The Recency and Primacy Effects in the Talent Acquisition Process

Feb 25, 2010

In the Aprilcrl_masthead 2010 Journal of Corporate Recruiting Leadership, I have an article about two very important bias factors in the hiring process. I’ll talk about them in detail and give you ideas for preventing them.

For now, I wanted to give you just a quick overview.

The two biases are the recency and primacy bias effects.

The recency bias error occurs when an assessor (i.e. recruiter, hiring manager, etc.) is overly affected by information that was presented later (more recently) rather than earlier in any given selection process. In contrast, the primacy bias error occurs when an assessor’s selection is made based on information that was presented earlier (primary information) rather than later in a process. And although the effects appear symmetrically opposing, the research shows that they occur because of different reasons, and that their implications can differ drastically. They are not equal but opposite.

An exemplary candidate who shows up late to an interview but does well on the interview itself may suffer the consequences of the primacy effect. A candidate who shows up on time, does well but says something toward the end of the interview that can be described as intensely negative, might suffer the consequences of the recency effect.

The body of research points to two process models on how decisions are made in the interview process. The first we will describe is the step-by-step (SbS) decision-making model, and the second is the end-of sequence (EoS) decision-making model. We call those models response modes.

The step-by-step decision-making model is where a decision-maker evaluates a candidate incrementally and develops a view of that candidate. That view becomes the “anchor.” Then as more information is presented, the new information is added to the anchor view and a new anchor (hence new view) is formed. This process occurs until all segments of the interview process are completed. With every new anchor and every new set of data about a candidate a new anchor is formed.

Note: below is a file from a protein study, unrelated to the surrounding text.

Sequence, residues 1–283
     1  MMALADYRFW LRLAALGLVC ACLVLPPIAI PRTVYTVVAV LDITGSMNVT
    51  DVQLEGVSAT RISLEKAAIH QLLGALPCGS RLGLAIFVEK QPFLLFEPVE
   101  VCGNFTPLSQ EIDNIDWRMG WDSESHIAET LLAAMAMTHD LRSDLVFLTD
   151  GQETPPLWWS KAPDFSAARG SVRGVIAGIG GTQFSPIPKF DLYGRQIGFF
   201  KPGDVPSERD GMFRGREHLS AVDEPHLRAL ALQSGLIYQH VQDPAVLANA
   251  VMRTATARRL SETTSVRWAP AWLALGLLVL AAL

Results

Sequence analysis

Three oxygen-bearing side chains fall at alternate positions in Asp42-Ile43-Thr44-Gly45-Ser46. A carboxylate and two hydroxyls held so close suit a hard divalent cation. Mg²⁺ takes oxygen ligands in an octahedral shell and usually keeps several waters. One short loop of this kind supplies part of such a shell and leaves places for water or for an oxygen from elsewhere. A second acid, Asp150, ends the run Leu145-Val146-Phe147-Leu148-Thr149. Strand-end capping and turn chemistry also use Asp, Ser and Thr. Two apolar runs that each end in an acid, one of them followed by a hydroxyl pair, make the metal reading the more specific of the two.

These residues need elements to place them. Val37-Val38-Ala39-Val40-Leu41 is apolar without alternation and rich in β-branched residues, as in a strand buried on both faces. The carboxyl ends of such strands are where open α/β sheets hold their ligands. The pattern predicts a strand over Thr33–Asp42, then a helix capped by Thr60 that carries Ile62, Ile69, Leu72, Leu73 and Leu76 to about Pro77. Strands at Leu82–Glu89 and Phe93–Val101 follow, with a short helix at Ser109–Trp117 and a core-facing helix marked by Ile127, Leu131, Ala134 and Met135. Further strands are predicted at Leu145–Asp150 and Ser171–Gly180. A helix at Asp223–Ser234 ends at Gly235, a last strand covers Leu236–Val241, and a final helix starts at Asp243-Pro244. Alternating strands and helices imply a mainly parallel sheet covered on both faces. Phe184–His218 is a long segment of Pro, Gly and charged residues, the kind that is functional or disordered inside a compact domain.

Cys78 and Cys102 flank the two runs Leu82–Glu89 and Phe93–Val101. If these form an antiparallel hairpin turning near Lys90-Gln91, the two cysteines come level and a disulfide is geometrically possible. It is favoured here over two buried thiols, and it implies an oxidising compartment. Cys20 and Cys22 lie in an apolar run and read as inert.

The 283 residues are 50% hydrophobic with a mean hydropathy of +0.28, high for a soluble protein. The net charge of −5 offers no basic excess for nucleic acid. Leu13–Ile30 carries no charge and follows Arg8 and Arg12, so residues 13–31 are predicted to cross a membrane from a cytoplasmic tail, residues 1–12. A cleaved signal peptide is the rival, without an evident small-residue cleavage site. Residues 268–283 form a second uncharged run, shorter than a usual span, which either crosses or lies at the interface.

The end-of-sequence response mode is self explanatory. Judgment on a candidate is withheld until the final stage of the interview process.

The best example to understanding bias effects comes from a study performed by Scott Highhouse and Andrew Gallor of Bowling Green State University and Indiana University respectively. In their article titled “Order Effects in Making Personnel Decision Making” published in Human Performance in 1997, they performed a study to understand where bias effects take place.

In short they found that in a long interview process, regardless of the complexity of the interview and decision-making type (response mode) of the decision maker, that primacy dominated. In other words, the term we commonly use for our initial cognitive anchor, “first impressions” dominated the views of the interviewers of the applicants.

In the case of a short interview process, the results depended more on whether the decision-making process was EoS (end of sequence) or SbS (step by step). In simple and short interviews where the decision was withheld to the end of the process, primacy dominated. In short and complex interviews the most recent information presented by the applicant dominated when judged by the interviewer. In a short step-by-step decision making process the most recent information always outweighed the first pieces of information.

As a talent acquisition consultant, the results make perfect sense in my practice. In the larger scheme of things human beings are fairly predictable. When we are presented with a large amount of complex information quickly we don’t have time to make step-by-step evaluations and we reserve our decision to the end. In that case, the most recent information seems to be the best, and a bias effect occurs toward the most recent interviews in judgment and possibly the most recent candidates interviewed. When the process takes a long time, we become mentally tired and we simply rely on our first impressions of a given candidate and tend to choose the applicants we interviewed earlier in the process. In the case of a simple and quick interview process, we simply judge quickly, and primacy dominates.

The recruiting leader then needs to implement a system and process to mitigate these effects if they wish to hire effectively and to help their hiring managers judge both accurately and precisely. I’ll talk more about that in the Journal.

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